I can't speak for anyone else, but I'll share the reasons why I consider social networking sites a complete waste of time for most technical business purposes. First and foremost, the style of on-line discussions and usenet postings is so terribly disrespectful. Rarely can any discussion proceed in a civil manner for long before someone gets angry with a comment from someone else and drives the discussion into a sad exchange of nasty comments about each other's parentage. Even if you don't agree with someone's position, that doesn't make them evil or stupid. You should still treat your "opponent" with a certain level of respect. (Unfortunately, we have far too many authority figures these days whose examples teach us otherwise.) Second, there is no easy way to assess the quality of knowledge in the on-line community. Conference papers and books at least have some level of authority behind them based upon the use of peer reviews and fact checking. Far too many blogs and discussions treat fact-checking as something that only the other guy needs to do. Until people accept the concept that they have a responsibility to make their on-line comments as accurate as possible, the on-line community will remain a questionable source of reliable knowledge. Finally, the sheer volume of blogs and on-line postings creates such a huge mass of information, that it is difficult to find anything worthwhile in the big ball of mud out there. (My apologies to Brian Foote and Joe Yoder for borrowing their so very elegant expression.) Because the Internet has lowered the cost of publishing your thoughts to zero, it seems that everyone has something to say but so little of it is actually worth reading.
Social Networking using places such as the IEEE conference or other workshops, is useful. For other sites (such as Linkdyn and Facebook) all I found was it a quick transition of what can I sell you? That does not help at all. Also, a lot of recent graduates are solely trained in Computer engineering but would like to think they know EE as well. But their questions make it obvious they need some basics to even begin.
So, EE Times - if there is any value in this study, social websites are NOT the place to look. Intelligent, engineering related communication is not possible in the way these sites are set up.
The definition of social networks here might be too limiting... I think engineers might well use OTHER social sites which are more work-like than Facebook or Twitter...
Such as these comments in the EETimes, or StackOverflow and the StackExchange sites. Or even Wikipedia or various code sites like sourceforge and github.
Also, they might have internal social network systems like Jive or Wikis that would not register here either.
To lighten things up a little, here is a link to the blog post I wrote in response to the LAST social media survey of engineers by EE Times: 5 Reasons Why Engineers Should Love Social Media
I resonate entirely with Chuck Matthews. If I'm looking to find authoritative answers to my technical questions, I'll never find those who write textbooks or teach college level stuff on internet forums or social media. If I want to help other engineers (or sound system designers in my case), I find these same venues filled to overflowing with hobbyists and others who apparently enjoy nothing more than flaming anything they disagree with. I'll stick with websites and e-mail, thank you, where these people can't hide behind anonymity. In my work, I could care less what a teen idol had for lunch or who they're dating ... and that seems to be the primary use for pop social media - aside from it's appeal to retail mass marketers. Further, I have no time (or desire to hire an employee) just to find the needle in the haystack of posts from folks with nothing better to do. "Laggard"? "Luddite"? I don't think so. I put quality before quantity when it comes to technical communications. Can you twitter or facebook a schematic?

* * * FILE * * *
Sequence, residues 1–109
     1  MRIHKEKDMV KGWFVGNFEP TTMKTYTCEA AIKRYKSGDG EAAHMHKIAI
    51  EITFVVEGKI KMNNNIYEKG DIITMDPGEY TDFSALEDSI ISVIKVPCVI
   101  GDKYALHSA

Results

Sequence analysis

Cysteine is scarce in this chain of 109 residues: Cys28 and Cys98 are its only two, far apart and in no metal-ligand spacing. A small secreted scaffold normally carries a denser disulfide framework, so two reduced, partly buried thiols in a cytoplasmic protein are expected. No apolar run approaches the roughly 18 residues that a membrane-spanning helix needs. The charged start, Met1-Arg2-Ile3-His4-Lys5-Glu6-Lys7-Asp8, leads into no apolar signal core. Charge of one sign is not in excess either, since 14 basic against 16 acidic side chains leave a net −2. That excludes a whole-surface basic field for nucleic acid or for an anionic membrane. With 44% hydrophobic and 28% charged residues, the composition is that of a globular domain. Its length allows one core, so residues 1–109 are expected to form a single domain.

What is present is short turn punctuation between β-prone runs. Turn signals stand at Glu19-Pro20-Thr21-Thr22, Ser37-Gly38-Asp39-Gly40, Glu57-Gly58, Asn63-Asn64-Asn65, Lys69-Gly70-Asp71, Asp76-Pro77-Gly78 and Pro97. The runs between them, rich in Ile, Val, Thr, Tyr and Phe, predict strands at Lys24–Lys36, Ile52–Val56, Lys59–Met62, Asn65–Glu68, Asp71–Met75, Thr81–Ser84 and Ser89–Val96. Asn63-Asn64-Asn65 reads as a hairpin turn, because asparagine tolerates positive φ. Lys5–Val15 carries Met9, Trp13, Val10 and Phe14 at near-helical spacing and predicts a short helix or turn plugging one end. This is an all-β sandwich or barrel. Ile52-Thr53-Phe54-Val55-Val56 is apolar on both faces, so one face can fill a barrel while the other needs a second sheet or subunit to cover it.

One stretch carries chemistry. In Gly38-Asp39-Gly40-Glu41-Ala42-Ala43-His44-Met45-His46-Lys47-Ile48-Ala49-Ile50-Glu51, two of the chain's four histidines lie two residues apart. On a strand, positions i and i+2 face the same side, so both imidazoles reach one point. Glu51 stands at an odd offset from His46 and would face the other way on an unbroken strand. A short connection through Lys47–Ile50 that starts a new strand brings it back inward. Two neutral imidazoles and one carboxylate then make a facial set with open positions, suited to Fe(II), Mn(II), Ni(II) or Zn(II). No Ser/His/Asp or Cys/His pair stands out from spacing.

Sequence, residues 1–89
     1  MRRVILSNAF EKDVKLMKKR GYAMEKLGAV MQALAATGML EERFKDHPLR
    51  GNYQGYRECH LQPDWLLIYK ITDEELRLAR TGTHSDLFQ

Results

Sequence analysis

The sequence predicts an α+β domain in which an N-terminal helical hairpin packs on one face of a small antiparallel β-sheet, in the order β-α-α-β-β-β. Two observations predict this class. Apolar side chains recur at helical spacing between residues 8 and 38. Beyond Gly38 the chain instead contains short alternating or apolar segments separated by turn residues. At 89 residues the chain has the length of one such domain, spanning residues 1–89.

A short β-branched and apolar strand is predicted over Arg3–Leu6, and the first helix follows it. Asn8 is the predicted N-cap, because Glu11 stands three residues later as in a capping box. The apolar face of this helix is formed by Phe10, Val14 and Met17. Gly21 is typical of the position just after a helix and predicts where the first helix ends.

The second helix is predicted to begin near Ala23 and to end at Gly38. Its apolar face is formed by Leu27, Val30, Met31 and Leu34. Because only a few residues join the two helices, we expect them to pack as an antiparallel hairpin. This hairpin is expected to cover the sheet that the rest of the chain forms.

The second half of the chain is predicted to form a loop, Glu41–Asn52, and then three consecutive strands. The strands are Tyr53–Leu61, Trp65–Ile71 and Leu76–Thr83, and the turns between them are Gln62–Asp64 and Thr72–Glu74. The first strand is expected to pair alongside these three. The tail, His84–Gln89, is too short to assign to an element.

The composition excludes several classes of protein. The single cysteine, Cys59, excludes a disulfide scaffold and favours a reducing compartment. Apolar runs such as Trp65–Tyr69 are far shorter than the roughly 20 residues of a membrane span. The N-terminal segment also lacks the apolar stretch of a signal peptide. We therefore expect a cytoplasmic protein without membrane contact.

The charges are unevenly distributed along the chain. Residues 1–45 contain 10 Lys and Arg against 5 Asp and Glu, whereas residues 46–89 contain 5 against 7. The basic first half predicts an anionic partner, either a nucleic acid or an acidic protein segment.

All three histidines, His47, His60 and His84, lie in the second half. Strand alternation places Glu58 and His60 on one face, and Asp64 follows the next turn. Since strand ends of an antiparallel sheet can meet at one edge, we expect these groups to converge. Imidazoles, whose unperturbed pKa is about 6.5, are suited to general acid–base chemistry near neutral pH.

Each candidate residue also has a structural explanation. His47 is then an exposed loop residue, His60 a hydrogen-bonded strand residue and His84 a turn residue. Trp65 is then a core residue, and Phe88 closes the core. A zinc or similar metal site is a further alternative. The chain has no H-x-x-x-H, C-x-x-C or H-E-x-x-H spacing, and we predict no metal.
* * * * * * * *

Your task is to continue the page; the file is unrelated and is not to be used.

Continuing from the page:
I've been thinking a bit here about why I personally don't use "social networking sites".
Actually I'm on LinkedIn, but increasingly I think of leaving.
One concern _always_ for me is that they all appear to be a means to generate yet more junk mail and I have far too much of that already.
I certainly use YouTube, but only as a reference. I even considered signing up to send responses, comments, "thank-you"s to people for stuff they've posted, but of course they want my email address. OK, I'm out of here!
But if I take a wider view of what is social networking and include fora and mailing lists, actually I'm on quite a few. The big difference here, I think, is that fora are usually aimed at a relatively narrow field of interest.
I think that it's that very broad-field aspect of "social media" that, to me at least, makes them borderline valueless as something in which to be directly involved.
I guess one of the aspects of engineering life that we all have to manage, is that we're almost always working with large amounts of complex data, and distractions & intrusions just make our tasks more difficult. As a consequence, we can get pretty adept at avoiding them.
One thing is for sure. "Different strokes for different folks" is not just a saying that rhymes, it's a saying that people should remember when they think about criticizing someone.
If someone wants to use those sites for their work...GREAT!
If they don't even want to use the sites to connect socially...GREAT!
Do whatever makes you happy and don't worry what others think.
If you want to make it a hobby to visit social sites that's OK or you can pick up a new hobby like woodworking. Check out http://expertwoodworkingplans.com
I truly appreciate the efforts of the author here in defining role of social media in life of engineers. Recently i came to k now about a new social media website which is dedicated to engineers only. I think you all must have a look in it because it can be another step in improving interaction among engineers. URL: http://helloengineers.com/
What are the engineering and design challenges in creating successful IoT devices? These devices are usually small, resource-constrained electronics designed to sense, collect, send, and/or interpret data. Some of the devices need to be smart enough to act upon data in real time, 24/7. Are the design challenges the same as with embedded systems, but with a little developer- and IT-skills added in? What do engineers need to know? Rick Merritt talks with two experts about the tools and best options for designing IoT devices in 2016. Specifically the guests will discuss sensors, security, and lessons from IoT deployments.